Zrze Monastery is located near the village Zrze, approx. 25km north-west of Prilep. The numerous remnants of the ancient period-pillars, basilica remains, and other exponents speak of the rich cultural tradition, of this area. Traditionally the monks lived in carved out stone hollows, from the mountain side cliffs. This is believed to date back to the 3rd and 4th century.
Today, Zrze monastery complex consists of the church St. Petar and Pavle, the inns and several accessory rooms. The church has been renovated several times, and the painting is preserved only in fragments. In the 14th century, the church walls were painted with painting of extraordinary artistic value.
Dated from 1421, the icon of the Holy Virgin Pelagonitissa, now part of the iconostasis inside the Church of Saints Peter and Paul, is considered one of the last outstanding achievements of icon painting, a representation of the then still-living Byzantine iconography. Its author Makarije Zograf worked on the
icon in the monastery of the village Zrze. Makarije Zograf and his brother Metropolitan Jovan Zograf cared for the monastery endowment until it was transferred to Constantine, the village head (kmet).
Under the monastery are the monk cells, and their high number indicates the rich life of the monks, who belonged to the highest monastical order.
Zrze is a fully functioning monastery, in line with the faith of the Macedonian Orthodox Church.References:
Kirkjubøargarður ('Yard of Kirkjubøur', also known as King"s Farm) is one of the oldest still inhabited wooden houses of the world. The farm itself has always been the largest in the Faroe Islands. The old farmhouse dates back to the 11th century. It was the episcopal residence and seminary of the Diocese of the Faroe Islands, from about 1100. Sverre I of Norway (1151–1202), grew up here and went to the priest school. The legend says, that the wood for the block houses came as driftwood from Norway and was accurately bundled and numbered, just for being set up. Note, that there is no forest in the Faroes and wood is a very valuable material. Many such wood legends are thus to be found in Faroese history.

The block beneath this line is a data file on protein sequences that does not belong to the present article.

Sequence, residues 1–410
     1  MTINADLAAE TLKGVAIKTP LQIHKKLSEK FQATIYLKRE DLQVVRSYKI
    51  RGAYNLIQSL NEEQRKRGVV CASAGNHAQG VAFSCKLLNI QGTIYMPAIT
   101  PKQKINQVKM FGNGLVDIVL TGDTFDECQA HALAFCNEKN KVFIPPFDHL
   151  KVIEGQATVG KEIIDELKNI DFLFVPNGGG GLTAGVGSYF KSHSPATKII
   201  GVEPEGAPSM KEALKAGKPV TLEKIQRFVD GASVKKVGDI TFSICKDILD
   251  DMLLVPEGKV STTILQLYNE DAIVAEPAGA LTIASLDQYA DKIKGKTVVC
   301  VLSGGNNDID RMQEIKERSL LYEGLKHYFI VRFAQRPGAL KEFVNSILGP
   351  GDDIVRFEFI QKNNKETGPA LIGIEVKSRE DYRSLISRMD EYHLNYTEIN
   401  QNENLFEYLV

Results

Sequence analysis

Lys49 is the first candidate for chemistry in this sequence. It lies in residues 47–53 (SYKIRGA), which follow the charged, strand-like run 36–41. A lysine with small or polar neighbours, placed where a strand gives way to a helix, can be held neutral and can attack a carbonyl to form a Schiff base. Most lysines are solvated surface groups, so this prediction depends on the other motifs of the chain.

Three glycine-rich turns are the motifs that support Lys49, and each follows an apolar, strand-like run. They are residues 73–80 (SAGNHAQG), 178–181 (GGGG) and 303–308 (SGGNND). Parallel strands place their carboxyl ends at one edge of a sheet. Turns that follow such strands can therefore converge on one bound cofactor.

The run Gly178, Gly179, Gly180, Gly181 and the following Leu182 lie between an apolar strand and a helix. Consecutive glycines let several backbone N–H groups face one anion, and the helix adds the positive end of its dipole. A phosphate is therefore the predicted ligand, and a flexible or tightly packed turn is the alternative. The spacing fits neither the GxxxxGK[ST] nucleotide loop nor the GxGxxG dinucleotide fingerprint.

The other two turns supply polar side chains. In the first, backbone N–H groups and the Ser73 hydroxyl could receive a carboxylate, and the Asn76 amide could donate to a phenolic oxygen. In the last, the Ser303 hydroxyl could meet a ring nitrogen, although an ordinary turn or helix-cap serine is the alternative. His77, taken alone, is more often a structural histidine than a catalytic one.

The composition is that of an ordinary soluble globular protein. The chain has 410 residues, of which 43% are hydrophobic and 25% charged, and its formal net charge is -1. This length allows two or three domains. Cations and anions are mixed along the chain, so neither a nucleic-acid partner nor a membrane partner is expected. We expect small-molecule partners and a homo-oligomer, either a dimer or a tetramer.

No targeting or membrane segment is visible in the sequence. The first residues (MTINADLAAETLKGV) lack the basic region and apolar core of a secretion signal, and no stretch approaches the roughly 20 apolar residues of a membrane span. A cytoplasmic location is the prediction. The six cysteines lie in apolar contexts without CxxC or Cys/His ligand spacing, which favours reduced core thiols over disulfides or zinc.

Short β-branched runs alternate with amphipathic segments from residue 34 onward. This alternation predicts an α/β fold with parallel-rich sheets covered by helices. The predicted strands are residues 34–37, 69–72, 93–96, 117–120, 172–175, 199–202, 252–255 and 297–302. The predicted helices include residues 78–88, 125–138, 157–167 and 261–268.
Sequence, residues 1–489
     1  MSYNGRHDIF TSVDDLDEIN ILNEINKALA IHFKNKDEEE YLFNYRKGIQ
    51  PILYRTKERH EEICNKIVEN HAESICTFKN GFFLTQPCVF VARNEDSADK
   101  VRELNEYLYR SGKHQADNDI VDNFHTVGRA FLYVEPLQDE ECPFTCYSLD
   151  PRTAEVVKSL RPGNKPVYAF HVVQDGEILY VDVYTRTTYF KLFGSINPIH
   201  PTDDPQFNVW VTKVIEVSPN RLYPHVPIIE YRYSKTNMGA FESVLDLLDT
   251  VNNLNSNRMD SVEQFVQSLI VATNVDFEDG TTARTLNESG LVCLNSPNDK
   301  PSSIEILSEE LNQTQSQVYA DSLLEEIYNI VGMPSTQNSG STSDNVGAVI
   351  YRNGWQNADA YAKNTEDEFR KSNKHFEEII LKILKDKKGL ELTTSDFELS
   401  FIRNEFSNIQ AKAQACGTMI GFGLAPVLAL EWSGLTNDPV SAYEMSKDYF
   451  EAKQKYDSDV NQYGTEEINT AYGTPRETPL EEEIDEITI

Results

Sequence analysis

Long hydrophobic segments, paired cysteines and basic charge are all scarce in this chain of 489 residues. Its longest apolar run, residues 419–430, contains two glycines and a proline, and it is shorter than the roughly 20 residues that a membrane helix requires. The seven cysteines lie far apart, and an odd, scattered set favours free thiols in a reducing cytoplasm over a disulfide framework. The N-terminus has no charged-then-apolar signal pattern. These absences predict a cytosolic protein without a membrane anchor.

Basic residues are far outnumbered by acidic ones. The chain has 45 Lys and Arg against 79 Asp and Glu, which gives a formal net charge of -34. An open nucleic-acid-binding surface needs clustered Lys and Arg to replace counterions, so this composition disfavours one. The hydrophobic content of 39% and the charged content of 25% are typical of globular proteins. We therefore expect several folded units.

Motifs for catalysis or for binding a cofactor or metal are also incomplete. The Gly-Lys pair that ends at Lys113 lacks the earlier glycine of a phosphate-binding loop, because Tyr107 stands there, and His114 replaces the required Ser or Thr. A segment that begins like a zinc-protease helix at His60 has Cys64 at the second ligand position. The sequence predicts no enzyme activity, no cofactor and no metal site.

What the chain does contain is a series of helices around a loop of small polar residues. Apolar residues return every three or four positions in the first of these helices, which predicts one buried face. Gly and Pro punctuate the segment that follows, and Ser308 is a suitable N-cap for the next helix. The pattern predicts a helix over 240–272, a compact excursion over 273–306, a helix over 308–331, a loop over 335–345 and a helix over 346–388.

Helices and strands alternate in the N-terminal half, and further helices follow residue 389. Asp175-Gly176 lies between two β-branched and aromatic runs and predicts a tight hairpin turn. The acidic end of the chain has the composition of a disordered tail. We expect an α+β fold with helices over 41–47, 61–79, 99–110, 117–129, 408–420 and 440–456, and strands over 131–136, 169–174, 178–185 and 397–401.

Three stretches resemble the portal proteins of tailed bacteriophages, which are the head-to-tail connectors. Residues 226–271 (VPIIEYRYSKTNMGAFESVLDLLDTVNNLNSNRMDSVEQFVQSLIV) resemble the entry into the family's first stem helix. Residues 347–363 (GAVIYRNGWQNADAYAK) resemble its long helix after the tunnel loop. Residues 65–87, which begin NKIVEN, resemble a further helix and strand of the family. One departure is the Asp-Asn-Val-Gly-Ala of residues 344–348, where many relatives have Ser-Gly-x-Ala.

The oldest part is a so-called roykstova (reek parlour, or smoke room). Perhaps it was moved one day, because it does not fit to its foundation. Another ancient room is the loftstovan (loft room). It is supposed that Bishop Erlendur wrote the 'Sheep Letter' here in 1298. This is the earliest document of the Faroes we know today. It is the statute concerning sheep breeding on the Faroes. Today the room is the farm"s library. The stórastovan (large room) is from a much later date, being built in 1772.
Though the farmhouse is a museum, the 17th generation of the Patursson Family, which has occupied it since 1550, is still living here. Shortly after the Reformation in the Faroe Islands in 1538, all the real estate of the Catholic Church was seized by the King of Denmark. This was about half of the land in the Faroes, and since then called King"s Land (kongsjørð). The largest piece of King"s Land was the farm in Kirkjubøur due to the above-mentioned Episcopal residence. This land is today owned by the Faroese government, and the Paturssons are tenants from generation to generation. It is always the oldest son, who becomes King"s Farmer, and in contrast to the privately owned land, the King"s Land is never divided between the sons.
The farm holds sheep, cattle and some horses. It is possible to get a coffee here and buy fresh mutton and beef directly from the farmer. In the winter season there is also hare hunting for the locals. Groups can rent the roykstovan for festivities and will be served original Faroese cuisine.
Other famous buildings directly by the farmhouse are the Magnus Cathedral and the Saint Olav"s Church, which also date back to the mediaeval period. All three together represent the Faroe Island"s most interesting historical site.